“Green light” for a tax on financial transactions

At the Council of January 22nd, the EU’s Economic and Finance Ministers endorsed the Commission’s proposal and gave a “green light” for enhanced cooperation among 11 EU member states for the establishment of a tax on financial transactions (FTT).

According to the Commission’s proposal of 2011 (Making the financial sector pay its fare share - IP/11/1085), “[t]he financial sector has received substantial financial support from governments. EU Member States have committed € 4.6 trillion to bail out the financial sector during the crisis. In addition, the financial sector has benefited from low taxes in recent years. …… A new tax on the financial sector would ensure that financial institutions contribute to the cost of economic recovery and discourage risky and unproductive trading.” 

 The member states participating in the enhanced cooperation process are Belgium, Germany, Estonia, Greece, Spain, France, Italy, Austria, Portugal, Slovenia and Slovakia. This is the third time that article 329 of the Treaty is used by member states wishing to cooperate for the establishment of a joint policy and the first time relating to taxation.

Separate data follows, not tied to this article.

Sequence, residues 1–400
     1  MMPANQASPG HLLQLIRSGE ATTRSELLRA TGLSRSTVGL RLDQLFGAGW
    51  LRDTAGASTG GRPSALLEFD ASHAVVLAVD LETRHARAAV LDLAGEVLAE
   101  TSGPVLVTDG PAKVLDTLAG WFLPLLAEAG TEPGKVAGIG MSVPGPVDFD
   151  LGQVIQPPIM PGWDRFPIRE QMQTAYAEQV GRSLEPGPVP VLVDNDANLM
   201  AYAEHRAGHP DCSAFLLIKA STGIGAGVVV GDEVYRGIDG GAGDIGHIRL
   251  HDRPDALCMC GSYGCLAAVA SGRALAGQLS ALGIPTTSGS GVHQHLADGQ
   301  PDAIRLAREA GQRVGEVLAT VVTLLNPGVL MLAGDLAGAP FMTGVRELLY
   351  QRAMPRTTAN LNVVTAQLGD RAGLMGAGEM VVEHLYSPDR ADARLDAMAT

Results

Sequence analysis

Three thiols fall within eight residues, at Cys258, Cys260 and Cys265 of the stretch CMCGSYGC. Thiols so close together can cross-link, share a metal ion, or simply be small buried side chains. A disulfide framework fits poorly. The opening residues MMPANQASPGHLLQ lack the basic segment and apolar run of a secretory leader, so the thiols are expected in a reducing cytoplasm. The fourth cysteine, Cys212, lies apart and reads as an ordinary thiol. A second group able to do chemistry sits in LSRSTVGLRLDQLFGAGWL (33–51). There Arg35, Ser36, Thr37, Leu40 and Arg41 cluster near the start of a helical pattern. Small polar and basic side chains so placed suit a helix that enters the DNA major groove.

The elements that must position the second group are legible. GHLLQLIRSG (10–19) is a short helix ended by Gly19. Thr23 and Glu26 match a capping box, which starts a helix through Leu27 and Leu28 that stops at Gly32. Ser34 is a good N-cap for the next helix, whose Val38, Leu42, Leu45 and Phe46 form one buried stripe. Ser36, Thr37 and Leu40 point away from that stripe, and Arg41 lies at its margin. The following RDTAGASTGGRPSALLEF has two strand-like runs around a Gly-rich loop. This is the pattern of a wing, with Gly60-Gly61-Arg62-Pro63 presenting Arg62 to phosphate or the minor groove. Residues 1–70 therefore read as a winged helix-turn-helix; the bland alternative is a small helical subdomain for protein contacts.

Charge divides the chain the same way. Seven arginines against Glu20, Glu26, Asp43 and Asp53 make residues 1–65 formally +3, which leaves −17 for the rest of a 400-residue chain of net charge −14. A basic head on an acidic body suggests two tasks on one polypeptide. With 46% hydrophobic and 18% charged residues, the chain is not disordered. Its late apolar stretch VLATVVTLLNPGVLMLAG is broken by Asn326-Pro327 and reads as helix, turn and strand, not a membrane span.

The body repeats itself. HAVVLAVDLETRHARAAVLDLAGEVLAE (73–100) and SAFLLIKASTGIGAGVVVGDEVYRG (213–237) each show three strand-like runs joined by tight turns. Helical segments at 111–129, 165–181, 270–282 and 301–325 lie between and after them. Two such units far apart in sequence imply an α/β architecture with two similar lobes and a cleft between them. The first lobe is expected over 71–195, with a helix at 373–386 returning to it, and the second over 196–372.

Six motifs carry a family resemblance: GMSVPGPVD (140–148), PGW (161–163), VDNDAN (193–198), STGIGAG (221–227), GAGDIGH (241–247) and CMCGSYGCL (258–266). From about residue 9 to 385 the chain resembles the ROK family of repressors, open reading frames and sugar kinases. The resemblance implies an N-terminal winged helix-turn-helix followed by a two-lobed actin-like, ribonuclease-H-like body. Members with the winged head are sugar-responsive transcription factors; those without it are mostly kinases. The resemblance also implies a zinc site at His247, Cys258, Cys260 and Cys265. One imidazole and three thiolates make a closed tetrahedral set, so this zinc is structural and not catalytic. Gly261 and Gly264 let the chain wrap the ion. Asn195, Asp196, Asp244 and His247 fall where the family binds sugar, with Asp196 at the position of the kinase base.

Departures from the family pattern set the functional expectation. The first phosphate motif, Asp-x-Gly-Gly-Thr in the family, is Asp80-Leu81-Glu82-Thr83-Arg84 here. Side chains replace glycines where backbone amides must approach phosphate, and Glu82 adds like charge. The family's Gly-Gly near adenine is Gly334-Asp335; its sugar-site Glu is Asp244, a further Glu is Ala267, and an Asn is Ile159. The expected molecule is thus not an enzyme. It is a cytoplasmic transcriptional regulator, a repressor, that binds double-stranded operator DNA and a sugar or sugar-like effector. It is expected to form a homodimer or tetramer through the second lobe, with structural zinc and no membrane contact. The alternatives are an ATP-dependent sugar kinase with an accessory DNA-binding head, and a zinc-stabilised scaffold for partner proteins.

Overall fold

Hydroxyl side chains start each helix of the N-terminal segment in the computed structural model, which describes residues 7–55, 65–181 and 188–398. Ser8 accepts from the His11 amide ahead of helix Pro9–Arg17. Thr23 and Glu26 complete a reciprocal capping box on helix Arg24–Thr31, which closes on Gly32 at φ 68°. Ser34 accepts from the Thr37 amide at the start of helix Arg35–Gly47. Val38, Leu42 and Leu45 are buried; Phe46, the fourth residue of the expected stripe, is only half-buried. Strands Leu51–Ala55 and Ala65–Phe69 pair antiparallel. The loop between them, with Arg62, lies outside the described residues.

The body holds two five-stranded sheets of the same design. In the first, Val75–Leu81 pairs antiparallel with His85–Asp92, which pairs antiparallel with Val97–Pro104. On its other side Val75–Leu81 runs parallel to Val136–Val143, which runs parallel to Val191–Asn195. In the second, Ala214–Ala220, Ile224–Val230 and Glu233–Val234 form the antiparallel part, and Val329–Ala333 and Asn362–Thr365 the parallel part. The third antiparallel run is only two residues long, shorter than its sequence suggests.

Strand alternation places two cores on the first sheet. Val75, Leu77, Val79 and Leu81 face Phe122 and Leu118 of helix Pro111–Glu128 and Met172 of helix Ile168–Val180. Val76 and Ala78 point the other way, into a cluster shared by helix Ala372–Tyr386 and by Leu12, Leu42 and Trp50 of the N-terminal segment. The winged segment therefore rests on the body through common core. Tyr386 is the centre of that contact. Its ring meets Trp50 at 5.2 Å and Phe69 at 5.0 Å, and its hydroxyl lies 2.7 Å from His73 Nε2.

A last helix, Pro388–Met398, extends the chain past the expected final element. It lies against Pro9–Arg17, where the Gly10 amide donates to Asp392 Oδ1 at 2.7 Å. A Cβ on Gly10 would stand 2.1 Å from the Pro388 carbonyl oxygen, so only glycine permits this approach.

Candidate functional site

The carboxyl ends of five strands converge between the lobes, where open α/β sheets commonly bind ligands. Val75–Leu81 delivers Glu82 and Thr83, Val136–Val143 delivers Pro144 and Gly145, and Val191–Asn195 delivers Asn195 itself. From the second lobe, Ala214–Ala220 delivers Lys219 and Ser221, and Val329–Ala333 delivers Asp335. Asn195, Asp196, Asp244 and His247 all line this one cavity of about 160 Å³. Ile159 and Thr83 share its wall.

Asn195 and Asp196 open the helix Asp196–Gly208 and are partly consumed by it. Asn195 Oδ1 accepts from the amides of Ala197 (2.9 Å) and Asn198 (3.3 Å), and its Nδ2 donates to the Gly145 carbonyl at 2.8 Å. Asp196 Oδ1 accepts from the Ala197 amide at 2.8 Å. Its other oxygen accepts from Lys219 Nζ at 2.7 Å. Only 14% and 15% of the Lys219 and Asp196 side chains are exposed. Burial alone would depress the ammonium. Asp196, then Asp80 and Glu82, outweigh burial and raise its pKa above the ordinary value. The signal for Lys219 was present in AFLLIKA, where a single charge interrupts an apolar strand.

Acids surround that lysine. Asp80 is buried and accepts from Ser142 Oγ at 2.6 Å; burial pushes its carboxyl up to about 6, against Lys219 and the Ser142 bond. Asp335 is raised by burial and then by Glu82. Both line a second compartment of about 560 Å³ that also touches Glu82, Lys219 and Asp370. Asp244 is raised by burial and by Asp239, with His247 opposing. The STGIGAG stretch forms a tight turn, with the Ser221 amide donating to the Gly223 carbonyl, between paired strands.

According to a coalition of social and environmental NGOs that has been lobbying for the establishment of an EU-wide FTT, “FTTs are one of the few available options that could generate financial resources in sufficient quantity to make a meaningful contribution to the continuing costs of the global economic crisis. This would ensure the currently under-taxed financial sector pay a greater and fairer share of the costs that their actions caused. Importantly, the FTT would also help to regulate markets, curbing speculative market behavior and short-termism, and instead encourage more sustainable and equitable long-term economic growth”.

The crux of the pro-FTT argumentation by civic society organisations concerns the allocation of the collected revenues, which should be directed towards combating poverty and climate change. To date, no mention on allocation has been included in any of the relevant documents. 

In the aftermath of the Doha Climate Change Conference (November 2012), WWF, along with Oxfam, ActionAid and the Institute for Policy Studies, issued a joint statement in favour of an FTT: “A financial transaction tax: turning a global crisis into a global opportunity”. WWF calls for allocation of a substantial part of the revenues to environmental and climate protection.

According to a 2011 Eurobarometer survey, 65% of European citizens are in favour of a FTT.

Sources: European Voice, Robin Hood Tax, Stamp Out Poverty, WWF Germany (in German)

Last modified onThursday, 04 May 2017 15:56
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